In an effort to “reinvent” textbooks, Apple unveiled a suite of tools and resources geared to the K-12 education market on Jan. 19 at New York's Guggenheim Museum . In the first major product announcement since the passing of Steve Jobs, the new products were introduced by Philip Schiller, Apple senior vice president of Worldwide Marketing. “With 1.5 million iPads already in use in education institutions, including over 1,000 one-to-one deployments, iPad is rapidly being adopted by schools across the U.S. and around the world,” he noted.
The trio of products launched were the following.
- iBooks 2 for iPad app is a free download from the App Store that allows users to view the etextbooks as “fullscreen books, interactive 3D objects, diagrams, videos and photos; the iBooks 2 app will let students learn about the solar system or the physics of a skyscraper with amazing new interactive textbooks that come to life with just a tap or swipe of the finger.”
- iBooks Author, is a free authoring tool that allows “anyone with a Mac ... [to] create stunning iBooks textbooks.”
- An “all-new iTunes U app,” intends to give “educators and students everything they need on their iPad, iPhone, and iPod Touch to teach and take entire courses.” Apple’s Eddy Cue noted that the University of Paris, UC Berkeley, and UCLA were already using iTunes U to supplement their curricular offerings.
IBISWorld analyst Mary Nanfelt tells NewsBreaks that “Apple has a strong future for ebook sales. Many consumers are used to accessing iTunes regularly to purchase movies and music and are likely to at least browse ebooks while they’re already on the site, and with the rising popularity of the iPhone and iPad, the traffic to iTunes will only increase.”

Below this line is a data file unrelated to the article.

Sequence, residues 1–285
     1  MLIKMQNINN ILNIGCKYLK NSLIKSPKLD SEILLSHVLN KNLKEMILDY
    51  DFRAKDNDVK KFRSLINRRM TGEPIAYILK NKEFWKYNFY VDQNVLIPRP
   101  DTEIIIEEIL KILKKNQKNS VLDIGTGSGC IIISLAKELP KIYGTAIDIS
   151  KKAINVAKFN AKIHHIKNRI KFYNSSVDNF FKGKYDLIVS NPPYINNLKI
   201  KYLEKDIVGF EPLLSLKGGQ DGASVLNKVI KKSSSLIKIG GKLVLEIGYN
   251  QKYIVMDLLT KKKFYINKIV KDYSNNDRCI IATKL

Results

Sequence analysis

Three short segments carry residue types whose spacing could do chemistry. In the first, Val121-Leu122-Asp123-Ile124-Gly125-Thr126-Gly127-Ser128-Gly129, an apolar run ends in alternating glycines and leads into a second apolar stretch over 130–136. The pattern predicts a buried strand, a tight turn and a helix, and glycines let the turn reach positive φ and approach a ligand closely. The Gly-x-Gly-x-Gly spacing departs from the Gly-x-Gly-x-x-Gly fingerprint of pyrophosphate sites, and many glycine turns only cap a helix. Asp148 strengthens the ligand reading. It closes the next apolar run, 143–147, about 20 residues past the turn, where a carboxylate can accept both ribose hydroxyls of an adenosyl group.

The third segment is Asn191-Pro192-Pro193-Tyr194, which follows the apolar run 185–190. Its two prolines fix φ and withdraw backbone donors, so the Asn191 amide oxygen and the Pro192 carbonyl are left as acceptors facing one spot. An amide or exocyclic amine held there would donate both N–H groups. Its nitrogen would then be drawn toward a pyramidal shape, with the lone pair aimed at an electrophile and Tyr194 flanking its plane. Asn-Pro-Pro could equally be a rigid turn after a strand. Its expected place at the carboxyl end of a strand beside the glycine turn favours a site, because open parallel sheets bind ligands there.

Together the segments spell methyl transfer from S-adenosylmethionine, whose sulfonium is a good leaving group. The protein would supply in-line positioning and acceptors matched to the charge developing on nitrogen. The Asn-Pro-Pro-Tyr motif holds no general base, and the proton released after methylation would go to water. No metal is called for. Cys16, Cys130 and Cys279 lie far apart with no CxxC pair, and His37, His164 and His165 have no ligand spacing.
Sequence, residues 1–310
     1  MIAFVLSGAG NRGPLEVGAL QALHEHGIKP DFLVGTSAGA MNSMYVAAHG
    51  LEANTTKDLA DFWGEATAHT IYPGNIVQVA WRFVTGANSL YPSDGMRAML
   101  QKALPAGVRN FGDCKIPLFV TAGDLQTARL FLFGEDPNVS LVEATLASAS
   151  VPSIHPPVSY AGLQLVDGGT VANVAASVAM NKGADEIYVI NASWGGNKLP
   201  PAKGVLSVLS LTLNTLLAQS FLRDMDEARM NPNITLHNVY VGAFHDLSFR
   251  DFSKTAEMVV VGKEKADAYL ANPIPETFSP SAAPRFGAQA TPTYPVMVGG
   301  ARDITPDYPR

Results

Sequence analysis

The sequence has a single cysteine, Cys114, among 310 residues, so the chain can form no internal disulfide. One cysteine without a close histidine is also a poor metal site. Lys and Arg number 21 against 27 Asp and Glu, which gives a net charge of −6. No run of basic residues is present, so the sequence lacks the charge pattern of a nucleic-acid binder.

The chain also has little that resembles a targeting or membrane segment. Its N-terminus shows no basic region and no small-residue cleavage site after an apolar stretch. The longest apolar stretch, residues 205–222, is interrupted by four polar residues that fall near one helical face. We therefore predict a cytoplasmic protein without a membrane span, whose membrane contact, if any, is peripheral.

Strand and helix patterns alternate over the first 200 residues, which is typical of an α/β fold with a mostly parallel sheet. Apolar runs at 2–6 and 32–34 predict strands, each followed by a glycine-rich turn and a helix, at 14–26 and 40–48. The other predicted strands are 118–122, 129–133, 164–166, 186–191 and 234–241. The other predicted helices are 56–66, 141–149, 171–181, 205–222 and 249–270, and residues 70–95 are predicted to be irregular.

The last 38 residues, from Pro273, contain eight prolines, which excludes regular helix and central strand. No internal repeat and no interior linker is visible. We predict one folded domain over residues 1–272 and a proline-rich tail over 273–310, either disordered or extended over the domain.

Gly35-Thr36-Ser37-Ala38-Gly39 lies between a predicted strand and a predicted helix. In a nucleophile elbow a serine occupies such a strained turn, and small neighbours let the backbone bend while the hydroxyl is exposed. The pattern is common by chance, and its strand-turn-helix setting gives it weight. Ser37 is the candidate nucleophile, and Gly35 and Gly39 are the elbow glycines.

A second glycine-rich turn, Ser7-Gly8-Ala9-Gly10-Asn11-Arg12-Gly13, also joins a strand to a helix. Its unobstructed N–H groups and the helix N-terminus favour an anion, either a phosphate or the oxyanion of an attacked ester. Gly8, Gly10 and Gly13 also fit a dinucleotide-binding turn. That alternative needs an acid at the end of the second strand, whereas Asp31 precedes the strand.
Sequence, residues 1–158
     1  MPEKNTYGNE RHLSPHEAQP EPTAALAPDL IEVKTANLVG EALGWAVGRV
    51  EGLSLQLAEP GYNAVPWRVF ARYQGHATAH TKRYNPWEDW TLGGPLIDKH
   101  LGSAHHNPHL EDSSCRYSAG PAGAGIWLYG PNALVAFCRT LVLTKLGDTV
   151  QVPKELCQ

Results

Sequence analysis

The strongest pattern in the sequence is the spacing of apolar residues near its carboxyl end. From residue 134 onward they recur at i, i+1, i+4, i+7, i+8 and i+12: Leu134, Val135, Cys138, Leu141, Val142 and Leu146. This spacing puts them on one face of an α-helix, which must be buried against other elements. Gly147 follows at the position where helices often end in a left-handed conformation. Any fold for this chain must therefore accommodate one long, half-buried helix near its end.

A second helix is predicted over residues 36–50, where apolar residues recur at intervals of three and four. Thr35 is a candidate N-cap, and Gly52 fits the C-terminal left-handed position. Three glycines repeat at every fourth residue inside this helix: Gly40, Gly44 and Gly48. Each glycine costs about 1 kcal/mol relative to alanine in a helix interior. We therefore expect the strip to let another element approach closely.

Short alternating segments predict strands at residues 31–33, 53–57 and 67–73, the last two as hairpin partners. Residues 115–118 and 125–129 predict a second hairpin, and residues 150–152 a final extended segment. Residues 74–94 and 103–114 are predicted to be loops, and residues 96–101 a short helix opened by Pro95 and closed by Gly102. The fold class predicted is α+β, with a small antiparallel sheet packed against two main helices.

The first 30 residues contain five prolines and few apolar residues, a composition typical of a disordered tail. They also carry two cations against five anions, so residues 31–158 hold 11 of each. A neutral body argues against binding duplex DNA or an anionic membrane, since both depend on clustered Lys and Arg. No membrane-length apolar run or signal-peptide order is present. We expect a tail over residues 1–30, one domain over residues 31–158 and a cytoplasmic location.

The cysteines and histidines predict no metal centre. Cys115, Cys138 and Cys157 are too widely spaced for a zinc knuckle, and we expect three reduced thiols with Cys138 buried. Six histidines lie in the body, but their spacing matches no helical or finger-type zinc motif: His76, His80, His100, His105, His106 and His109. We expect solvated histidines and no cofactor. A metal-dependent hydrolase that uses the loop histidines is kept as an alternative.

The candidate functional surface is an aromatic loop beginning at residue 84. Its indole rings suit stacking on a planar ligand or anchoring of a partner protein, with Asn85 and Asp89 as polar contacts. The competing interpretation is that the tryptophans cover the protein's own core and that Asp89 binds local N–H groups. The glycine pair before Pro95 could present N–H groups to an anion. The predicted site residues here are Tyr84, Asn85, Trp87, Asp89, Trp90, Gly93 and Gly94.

Apple also announced agreements with three major textbook publishers. Houghton Mifflin Harcourt, McGraw-Hill, and Pearson signed on to “deliver educational titles on the iBookstore with most priced at $14.99 or less.” These agreements appear to be, at this point, more an opportunity for testing the apps marketplace for educational release, with all three companies fully intending to continue to create and sell educational books through traditional channels as well.
“I say ‘way to go’ to Apple for kick-starting the eBook education revolution,” notes Dan Pacheco, CEO of BookBrewer, a multiplatform publishing company. “But to educators and publishers I say ‘caveat emptor’—keep your eBook options open.”
The K-12 Marketplace
The Association of American Publishers notes that, for the most recently available data, “2010 net sales revenue for this category is $5.51 Billion. The category showed a -12.4% decline from 2008-2009 but rebounded in 2009-2010 with a +7.1% increase. This translates to a change in net sales value over the three-year period of -6.2%.” Schools have been hit by recent economic downturns, affecting their ability to expand or increase monies for resources and impacting growth.
A report by digital textbook provider Xplana published last year, projected etextbooks would take 6% of the market in 2012 and 44% by 2017. “School and college textbooks account for an estimated 32% of industry revenue,” notes Nanfelt.